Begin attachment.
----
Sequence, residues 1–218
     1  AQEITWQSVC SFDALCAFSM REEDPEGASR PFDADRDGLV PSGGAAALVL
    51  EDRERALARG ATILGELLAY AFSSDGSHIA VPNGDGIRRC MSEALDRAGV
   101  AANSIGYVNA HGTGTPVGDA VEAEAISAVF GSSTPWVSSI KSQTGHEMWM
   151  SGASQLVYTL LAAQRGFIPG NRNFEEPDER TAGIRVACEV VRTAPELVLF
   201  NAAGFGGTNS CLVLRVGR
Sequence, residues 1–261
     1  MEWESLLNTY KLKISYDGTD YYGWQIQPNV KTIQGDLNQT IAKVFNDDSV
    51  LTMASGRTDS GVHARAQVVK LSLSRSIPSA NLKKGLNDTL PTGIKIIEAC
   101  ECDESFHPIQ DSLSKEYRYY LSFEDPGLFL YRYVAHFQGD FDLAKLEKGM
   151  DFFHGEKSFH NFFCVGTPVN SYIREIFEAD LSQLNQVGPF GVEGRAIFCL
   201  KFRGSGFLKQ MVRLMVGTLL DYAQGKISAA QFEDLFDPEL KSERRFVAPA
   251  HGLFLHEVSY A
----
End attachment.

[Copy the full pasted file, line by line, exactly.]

Sequence, residues 1–218
     1  AQEITWQSVC SFDALCAFSM REEDPEGASR PFDADRDGLV PSGGAAALVL
    51  EDRERALARG ATILGELLAY AFSSDGSHIA VPNGDGIRRC MSEALDRAGV
   101  AANSIGYVNA HGTGTPVGDA VEAEAISAVF GSSTPWVSSI KSQTGHEMWM
   151  SGASQLVYTL LAAQRGFIPG NRNFEEPDER TAGIRVACEV VRTAPELVLF
   201  NAAGFGGTNS CLVLRVGR
Sequence, residues 1–261
     1  MEWESLLNTY KLKISYDGTD YYGWQIQPNV KTIQGDLNQT IAKVFNDDSV
    51  LTMASGRTDS GVHARAQVVK LSLSRSIPSA NLKKGLNDTL PTGIKIIEAC
   101  ECDESFHPIQ DSLSKEYRYY LSFEDPGLFL YRYVAHFQGD FDLAKLEKGM
   151  DFFHGEKSFH NFFCVGTPVN SYIREIFEAD LSQLNQVGPF GVEGRAIFCL
   201  KFRGSGFLKQ MVRLMVGTLL DYAQGKISAA QFEDLFDPEL KSERRFVAPA
   251  HGLFLHEVSY A